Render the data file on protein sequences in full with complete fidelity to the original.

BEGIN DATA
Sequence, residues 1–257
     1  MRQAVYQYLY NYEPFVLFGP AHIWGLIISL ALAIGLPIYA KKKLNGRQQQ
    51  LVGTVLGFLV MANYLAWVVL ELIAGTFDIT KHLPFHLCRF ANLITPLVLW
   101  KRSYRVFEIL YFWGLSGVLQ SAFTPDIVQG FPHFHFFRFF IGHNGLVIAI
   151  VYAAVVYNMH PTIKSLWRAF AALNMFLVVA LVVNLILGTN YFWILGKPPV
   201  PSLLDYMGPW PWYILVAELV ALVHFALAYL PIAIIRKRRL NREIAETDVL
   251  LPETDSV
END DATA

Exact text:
Sequence, residues 1–257
     1  MRQAVYQYLY NYEPFVLFGP AHIWGLIISL ALAIGLPIYA KKKLNGRQQQ
    51  LVGTVLGFLV MANYLAWVVL ELIAGTFDIT KHLPFHLCRF ANLITPLVLW
   101  KRSYRVFEIL YFWGLSGVLQ SAFTPDIVQG FPHFHFFRFF IGHNGLVIAI
   151  VYAAVVYNMH PTIKSLWRAF AALNMFLVVA LVVNLILGTN YFWILGKPPV
   201  PSLLDYMGPW PWYILVAELV ALVHFALAYL PIAIIRKRRL NREIAETDVL
   251  LPETDSV